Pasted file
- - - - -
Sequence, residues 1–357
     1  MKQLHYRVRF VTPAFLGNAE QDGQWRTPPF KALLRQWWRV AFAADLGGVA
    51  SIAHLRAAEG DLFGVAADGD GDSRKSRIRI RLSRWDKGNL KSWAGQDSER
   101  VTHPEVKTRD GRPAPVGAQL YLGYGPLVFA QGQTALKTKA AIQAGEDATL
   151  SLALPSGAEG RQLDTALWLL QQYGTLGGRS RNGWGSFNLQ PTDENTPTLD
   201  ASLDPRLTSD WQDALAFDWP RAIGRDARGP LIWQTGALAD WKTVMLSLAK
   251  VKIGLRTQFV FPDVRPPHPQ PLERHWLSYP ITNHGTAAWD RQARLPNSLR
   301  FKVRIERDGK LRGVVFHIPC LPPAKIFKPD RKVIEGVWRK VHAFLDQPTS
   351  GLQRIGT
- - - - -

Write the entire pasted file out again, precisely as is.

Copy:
Sequence, residues 1–357
     1  MKQLHYRVRF VTPAFLGNAE QDGQWRTPPF KALLRQWWRV AFAADLGGVA
    51  SIAHLRAAEG DLFGVAADGD GDSRKSRIRI RLSRWDKGNL KSWAGQDSER
   101  VTHPEVKTRD GRPAPVGAQL YLGYGPLVFA QGQTALKTKA AIQAGEDATL
   151  SLALPSGAEG RQLDTALWLL QQYGTLGGRS RNGWGSFNLQ PTDENTPTLD
   201  ASLDPRLTSD WQDALAFDWP RAIGRDARGP LIWQTGALAD WKTVMLSLAK
   251  VKIGLRTQFV FPDVRPPHPQ PLERHWLSYP ITNHGTAAWD RQARLPNSLR
   301  FKVRIERDGK LRGVVFHIPC LPPAKIFKPD RKVIEGVWRK VHAFLDQPTS
   351  GLQRIGT